This week John went snowboarding in Utah. Not just any kind of snowboarding, mind you. He took a helicopter ride to the top of Mt Superior. He is a big fan of CloudBolt and embeds the platform in his solutions to maintain configuration and resource control.  When he was preparing for the trip he mentioned that he wanted to brand his snowboard with the CloudBolt logo so along with John, CloudBolt could be at the top of the world at 11,000" above sea level.

I am pleased to report that the trip went off without a hitch. The group carved up the fresh snow (where no man has gone before) with abandon; John on his CloudBolt-branded board.  Just to prove it, here is a picture of John on the peak of the mountain with his CloudBolt-branded board.   "Watch out Red Bull!  Here comes John Mackay and CloudBolt."

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Topics: Customer, Partner, John, Services

Cloud Managers Will Change IT Forever

Posted by John Menkart

2/20/13 10:37 AM

In numerous conversations with customers and analysts it has become clear that a consensus across the industry is that Cloud Managers are as game changing for IT as server and network virtualization themselves.  Among those looking longer term at the promise of Cloud Computing (Public, Private and Hybrid), it is clear that the Cloud Manager will become the keystone of value.  Many people’s opinion is that Cloud Managers are the initiator of next major wave of change in IT environments.  How?  Well let’s look to the past to predict the future.

Proprietary Everything

Back in the early 80’s, general purpose computers were first spreading across the business environment. These systems were in the form of fully-proprietary Mainframes, Minicomputers. The hardware (CPU, Memory, Storage, etc.), Operating Systems and any even any available software were all from the specific computer manufacturer (vendors included DEC, Prime, Harris, IBM, HP, DG amongst others).  Businesses couldn’t even acquire compilers for their systems from a third party.  They were only available from the system’s manufacturer.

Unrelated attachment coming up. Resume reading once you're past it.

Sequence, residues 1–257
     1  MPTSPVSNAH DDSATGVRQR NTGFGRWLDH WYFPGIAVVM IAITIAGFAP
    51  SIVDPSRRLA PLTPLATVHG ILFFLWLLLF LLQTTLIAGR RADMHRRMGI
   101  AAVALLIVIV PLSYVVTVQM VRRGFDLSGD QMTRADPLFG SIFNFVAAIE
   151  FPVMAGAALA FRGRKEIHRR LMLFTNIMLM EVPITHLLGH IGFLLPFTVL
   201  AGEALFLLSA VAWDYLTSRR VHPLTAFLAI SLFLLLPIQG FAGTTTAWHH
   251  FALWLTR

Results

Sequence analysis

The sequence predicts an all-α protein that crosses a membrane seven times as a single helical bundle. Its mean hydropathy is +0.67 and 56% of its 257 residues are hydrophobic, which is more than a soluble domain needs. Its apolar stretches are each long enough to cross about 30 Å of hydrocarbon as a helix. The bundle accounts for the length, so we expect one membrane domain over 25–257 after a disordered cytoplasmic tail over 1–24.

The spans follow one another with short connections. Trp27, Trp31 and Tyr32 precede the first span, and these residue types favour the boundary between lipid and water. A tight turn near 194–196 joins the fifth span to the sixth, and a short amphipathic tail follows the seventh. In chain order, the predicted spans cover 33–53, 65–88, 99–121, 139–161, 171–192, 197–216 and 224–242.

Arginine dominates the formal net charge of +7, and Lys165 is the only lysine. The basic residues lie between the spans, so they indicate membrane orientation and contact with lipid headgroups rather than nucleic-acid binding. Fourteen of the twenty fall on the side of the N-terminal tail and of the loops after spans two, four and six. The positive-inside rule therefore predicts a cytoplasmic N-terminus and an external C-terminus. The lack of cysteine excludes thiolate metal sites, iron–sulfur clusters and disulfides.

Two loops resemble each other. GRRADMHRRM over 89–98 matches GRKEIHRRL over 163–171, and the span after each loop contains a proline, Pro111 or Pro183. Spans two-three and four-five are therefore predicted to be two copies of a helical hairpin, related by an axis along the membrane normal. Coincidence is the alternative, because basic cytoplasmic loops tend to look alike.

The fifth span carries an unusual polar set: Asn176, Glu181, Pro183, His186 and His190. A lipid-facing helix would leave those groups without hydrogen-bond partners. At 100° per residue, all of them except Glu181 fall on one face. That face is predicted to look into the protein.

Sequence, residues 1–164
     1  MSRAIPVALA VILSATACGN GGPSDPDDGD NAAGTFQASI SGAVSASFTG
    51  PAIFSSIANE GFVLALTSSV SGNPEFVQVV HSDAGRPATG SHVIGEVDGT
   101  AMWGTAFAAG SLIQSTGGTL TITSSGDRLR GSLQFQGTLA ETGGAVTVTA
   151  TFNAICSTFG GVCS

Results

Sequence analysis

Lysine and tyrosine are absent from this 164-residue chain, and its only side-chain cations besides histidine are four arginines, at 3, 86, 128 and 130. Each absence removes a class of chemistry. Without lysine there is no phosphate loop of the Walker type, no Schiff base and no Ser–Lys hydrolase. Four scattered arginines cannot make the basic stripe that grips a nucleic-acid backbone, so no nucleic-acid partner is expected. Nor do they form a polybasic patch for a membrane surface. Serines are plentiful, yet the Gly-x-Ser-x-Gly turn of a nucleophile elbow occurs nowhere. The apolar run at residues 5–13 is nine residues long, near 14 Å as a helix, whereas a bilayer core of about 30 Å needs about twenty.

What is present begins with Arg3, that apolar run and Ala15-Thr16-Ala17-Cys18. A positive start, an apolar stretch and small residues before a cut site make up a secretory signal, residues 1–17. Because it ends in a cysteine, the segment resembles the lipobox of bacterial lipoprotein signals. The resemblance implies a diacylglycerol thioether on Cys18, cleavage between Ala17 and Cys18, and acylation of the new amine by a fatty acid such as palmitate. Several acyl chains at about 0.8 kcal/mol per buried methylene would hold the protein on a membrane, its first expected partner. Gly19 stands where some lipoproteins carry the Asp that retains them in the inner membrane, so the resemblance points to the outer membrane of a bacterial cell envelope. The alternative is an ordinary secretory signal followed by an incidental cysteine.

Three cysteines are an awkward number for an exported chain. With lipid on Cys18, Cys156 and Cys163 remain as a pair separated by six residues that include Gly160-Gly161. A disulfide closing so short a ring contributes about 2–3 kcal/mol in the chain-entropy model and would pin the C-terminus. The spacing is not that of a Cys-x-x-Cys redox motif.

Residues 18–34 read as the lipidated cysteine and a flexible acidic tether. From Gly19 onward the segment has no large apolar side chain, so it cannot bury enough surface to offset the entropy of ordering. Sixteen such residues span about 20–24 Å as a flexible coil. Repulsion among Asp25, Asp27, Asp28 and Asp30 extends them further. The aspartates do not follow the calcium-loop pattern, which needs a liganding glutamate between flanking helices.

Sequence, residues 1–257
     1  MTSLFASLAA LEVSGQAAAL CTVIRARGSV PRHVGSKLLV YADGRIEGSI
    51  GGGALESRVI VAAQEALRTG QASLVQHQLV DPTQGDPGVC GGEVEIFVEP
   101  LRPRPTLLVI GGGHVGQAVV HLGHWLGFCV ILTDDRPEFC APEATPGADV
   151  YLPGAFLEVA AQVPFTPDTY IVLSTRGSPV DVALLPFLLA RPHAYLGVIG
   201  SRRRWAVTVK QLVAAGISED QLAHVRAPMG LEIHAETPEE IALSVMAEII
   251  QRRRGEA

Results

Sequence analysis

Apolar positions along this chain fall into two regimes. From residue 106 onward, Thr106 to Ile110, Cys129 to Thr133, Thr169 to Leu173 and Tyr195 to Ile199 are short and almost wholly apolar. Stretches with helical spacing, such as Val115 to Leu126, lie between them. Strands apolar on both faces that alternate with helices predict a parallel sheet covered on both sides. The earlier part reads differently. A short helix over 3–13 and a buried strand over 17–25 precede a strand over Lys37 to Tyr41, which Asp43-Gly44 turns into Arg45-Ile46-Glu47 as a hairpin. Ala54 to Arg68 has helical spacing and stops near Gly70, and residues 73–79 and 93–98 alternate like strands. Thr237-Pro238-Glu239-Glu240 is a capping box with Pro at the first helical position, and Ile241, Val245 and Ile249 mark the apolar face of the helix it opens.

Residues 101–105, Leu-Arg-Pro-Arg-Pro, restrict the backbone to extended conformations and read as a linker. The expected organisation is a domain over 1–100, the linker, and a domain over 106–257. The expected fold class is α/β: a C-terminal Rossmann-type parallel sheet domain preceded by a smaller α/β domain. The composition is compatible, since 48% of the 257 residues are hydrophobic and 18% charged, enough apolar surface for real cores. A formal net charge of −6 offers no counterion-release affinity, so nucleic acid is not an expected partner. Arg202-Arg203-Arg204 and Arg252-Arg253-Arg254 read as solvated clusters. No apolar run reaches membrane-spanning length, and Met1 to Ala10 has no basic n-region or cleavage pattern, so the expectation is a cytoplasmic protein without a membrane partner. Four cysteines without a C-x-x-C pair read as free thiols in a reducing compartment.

Commodity OS leads to Commodity Hardware

Agility and maturity of IT environments step 1

The advent of broad interest and adoption of Unix started a sea change in the IT world.  As more hardware vendors supported Unix it became easier to migrate from one vendor’s system to another.  Additionally, vendors began building their systems based on commodity x86-compatible microprocessors as opposed to building proprietary CPU architectures optimized around their proprietary OS.

Architecture-compatible hardware not only accelerated the move to commodity OS (Unix, Linux and Windows), but in turn, increased pressure on vendors to fully commoditize server hardware.  The resulting commoditization of hardware systems steeply drove down prices.  To this day, server hardware largely remains a commodity.

Virtualization Commoditizes Servers


Agility and maturity of IT environments step 2

Despite less expensive commodity operating systems and commodity hardware, modernizing enterprise IT organizations were still spending large sums on new server hardware in order to accommodate the rapidly growing demand of new applications.  In large part, IT organizations had a problem taking full advantage of the hardware resources they are spending on.  Server utilization become a real issue.  Procurement of servers still took a considerable amount of time due to organizational processes.  Every new server required a significant amount of effort to purchase, rack and stack, and eventually deploy.  Power and cooling requirements became a significant concern.  The integration of storage, networking, and software deployment and maintenance still caused considerable delays into workflows that are reliant on new hardware systems.